INTERVIEW WITH NORA GOMRINGER
Finding a shared harmony, the poet Nora Gomringer and photographic artist Andreas Herzau have collaborated with the Bamberg Symphony to create a fascinating anniversary publication. The result: over 150 packed pages giving visual form to sound.
We talked to Nora Gomringer about the project.
Dear Ms. Gomringer, how did the Bamberg Symphony project come about?
First there was an invitation, out of which materialized a task: please, dear poet, figure out just a tad more about our orchestra. At least, that’s the way it seemed at first. I was very glad to accept the invitation.
When and why did Mr. Herzau join the project?
Because it quickly became obvious to me that words on paper can’t hold a candle to sound, so I was pleased to be able to suggest that the star photographer and artist Andreas Herzau come on board. We had already worked together for the Goethe Institute in Novosibirsk in 2008, and were looking for another opportunity to do so.
What was your relationship to the Bamberg Symphony Orchestra before the collaboration?
I’m a secret admirer, but not a subscriber. In my case, I would miss too many performances, because I have to travel a great deal for appearances and readings. So I always went to performances whenever the stars were favorable, and that was and still is a festive occasion for me!
… and afterward?
I understand a little more; you observe the conductors, the musicians, a bit differently. But I keep a respectful distance. I don’t want to know where the magic comes from. I want to experience the magic.
You did travel for two years with the orchestra when they were on tour, after all. What impressed you the most?
The logistics, the organization, the way the orchestra sounds in the halls of this world, and the crowds of people. And then there are always the individuals who tell you how special the Bamberger is to them, because they were always the best when it came to Mahler. An orchestra is also a kind of storehouse of memories for people. I’ve also talked to fans who follow their orchestra on its tours. I found that deeply touching, and it showed me my hometown of Bamberg in a completely different light. After all, we have a world-renowned orchestra. That’s very cool.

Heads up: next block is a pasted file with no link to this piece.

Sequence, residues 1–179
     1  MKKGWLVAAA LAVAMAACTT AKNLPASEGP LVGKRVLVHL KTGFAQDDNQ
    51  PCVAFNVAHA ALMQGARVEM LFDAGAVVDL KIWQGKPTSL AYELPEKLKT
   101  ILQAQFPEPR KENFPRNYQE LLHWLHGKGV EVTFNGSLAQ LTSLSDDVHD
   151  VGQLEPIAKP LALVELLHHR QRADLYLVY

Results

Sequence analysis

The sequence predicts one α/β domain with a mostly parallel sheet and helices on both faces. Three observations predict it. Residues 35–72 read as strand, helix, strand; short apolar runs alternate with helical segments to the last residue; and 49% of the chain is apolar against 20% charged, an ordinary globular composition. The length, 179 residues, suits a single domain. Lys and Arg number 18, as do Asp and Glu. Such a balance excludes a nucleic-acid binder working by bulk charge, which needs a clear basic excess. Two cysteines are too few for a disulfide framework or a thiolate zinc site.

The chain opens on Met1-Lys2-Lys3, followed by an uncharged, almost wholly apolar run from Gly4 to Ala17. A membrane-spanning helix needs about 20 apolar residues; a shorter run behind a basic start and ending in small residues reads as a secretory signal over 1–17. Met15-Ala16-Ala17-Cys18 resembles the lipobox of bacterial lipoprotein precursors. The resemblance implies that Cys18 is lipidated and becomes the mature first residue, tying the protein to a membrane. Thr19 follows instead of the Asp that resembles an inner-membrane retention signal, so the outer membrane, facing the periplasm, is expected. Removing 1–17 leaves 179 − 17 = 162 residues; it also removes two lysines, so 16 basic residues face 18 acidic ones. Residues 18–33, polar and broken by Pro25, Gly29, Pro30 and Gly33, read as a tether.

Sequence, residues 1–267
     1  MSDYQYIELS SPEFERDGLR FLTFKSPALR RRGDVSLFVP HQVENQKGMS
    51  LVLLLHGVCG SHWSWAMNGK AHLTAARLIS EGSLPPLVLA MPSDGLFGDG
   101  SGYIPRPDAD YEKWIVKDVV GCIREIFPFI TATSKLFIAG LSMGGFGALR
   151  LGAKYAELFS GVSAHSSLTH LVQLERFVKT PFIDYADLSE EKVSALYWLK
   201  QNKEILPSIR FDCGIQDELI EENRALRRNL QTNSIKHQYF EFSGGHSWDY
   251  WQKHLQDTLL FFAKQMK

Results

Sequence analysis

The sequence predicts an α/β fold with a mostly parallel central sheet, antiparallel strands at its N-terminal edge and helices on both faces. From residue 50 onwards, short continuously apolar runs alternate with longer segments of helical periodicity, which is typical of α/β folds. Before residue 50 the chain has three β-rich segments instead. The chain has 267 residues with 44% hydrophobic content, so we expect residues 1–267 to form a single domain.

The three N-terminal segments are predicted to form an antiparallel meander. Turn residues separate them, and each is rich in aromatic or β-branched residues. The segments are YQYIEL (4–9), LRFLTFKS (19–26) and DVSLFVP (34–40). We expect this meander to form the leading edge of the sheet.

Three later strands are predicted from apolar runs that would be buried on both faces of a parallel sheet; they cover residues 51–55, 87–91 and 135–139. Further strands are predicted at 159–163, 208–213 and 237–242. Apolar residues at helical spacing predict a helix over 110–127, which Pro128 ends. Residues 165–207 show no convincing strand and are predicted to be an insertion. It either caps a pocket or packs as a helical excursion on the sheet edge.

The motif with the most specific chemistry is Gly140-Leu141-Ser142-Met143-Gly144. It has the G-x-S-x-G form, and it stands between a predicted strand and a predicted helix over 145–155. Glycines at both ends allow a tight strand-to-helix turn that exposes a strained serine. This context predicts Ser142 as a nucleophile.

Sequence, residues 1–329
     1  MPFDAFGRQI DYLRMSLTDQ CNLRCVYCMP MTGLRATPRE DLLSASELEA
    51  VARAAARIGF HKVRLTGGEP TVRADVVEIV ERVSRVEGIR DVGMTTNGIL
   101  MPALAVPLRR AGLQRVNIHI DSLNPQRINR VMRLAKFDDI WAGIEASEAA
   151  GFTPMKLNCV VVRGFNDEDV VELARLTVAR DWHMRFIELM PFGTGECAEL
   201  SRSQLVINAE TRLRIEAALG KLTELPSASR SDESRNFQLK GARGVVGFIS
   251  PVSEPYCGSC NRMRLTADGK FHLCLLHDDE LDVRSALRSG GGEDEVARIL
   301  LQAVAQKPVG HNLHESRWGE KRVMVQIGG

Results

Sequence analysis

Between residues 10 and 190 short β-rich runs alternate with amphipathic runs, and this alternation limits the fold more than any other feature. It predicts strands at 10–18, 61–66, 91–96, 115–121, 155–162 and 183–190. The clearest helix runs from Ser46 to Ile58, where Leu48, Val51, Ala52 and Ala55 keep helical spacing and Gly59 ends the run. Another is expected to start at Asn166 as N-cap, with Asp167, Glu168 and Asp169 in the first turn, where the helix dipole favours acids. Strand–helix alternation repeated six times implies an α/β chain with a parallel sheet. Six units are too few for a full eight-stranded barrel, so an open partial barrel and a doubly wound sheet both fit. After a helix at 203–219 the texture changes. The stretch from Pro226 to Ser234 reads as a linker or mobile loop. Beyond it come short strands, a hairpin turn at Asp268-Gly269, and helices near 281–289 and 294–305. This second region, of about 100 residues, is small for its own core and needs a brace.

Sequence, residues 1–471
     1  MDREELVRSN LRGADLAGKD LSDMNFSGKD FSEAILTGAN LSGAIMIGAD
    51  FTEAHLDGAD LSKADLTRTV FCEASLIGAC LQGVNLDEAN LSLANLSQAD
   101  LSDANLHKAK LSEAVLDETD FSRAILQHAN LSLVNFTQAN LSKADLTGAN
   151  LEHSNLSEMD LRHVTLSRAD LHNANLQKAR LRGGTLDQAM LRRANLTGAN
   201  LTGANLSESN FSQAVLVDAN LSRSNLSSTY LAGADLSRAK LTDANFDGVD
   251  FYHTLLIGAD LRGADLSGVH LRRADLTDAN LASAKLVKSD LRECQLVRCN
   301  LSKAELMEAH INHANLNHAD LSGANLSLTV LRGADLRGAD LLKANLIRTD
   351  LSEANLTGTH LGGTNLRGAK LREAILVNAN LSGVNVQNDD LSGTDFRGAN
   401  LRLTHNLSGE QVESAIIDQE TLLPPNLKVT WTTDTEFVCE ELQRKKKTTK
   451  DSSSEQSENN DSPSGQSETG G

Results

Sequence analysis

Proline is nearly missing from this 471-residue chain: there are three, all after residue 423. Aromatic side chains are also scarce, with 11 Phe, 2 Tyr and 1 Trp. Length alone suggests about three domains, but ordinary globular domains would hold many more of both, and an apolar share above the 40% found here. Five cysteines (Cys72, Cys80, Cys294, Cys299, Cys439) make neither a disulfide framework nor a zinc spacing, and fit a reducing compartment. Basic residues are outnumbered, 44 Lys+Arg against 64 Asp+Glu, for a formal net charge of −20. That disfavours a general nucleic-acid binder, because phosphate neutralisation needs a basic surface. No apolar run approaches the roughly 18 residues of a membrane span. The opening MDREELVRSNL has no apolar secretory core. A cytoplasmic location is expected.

Were there things that got on your nerves during the tours?
As a artist who carries out her own work, I see many things here and there that I would like to improve—appearances, backstage, etc. I found the orchestra astonishingly relaxed on these tours, even when things were pretty close, hot, and non-magical. The Bamberg musicians are travelers. Traveling is second nature to this orchestra.
Druckfrisch says about you: “It would be too easy to call Nora Gomringer a writer. Her texts should not only be read, they should be experienced.” How did you manage to make it possible to experience music without sound?
Whether I succeeded in that or not is up to the reader to decide. I was quite shy about following these giants—the task and this body of sound called an orchestra; I listened and smiled and, from time to time, asked direct questions. There are many forms of texts and oral communications about an orchestra. You’re always learning something new when you’re observing the essence of this kind of hive. There is no such thing as music without sound, and text also always has sound. Even when you’re striking the keys of your computer you’re hearing something. So text is also always supplying voices and atmospheres – vibrations.
Who would be interested in the book bamberg symphony? Who’s the target group?
Fans of the Bamberger and people from all countries and orientations who enjoy a show, because through the rich, narrative, poetic, quiet, courageous, curious, searching pictures by Andreas Herzau, this book brings you something very unique: time indoors. It demands attention—like a symphony—and talks to you. And this dialogue will lure you to Bamberg or into the world in front of the orchestral stage. After all, that’s what happened to me, too.
You and Mr. Herzau will present bamberg symphony at the Leipzig book fair. What can a visitor expect during this half-hour?
We’re showing the congenial book clip by Michael Wende, a sequence of pictures, maybe even a couple of animated pages. We’ll talk about the language of the images. And about how the both of us, Herzau and I, are essentially dependent upon an audience with its seven senses—just as the work of the orchestra also depends upon them. So much happens to you when you’re experiencing a concert. That’s what we wanted to describe.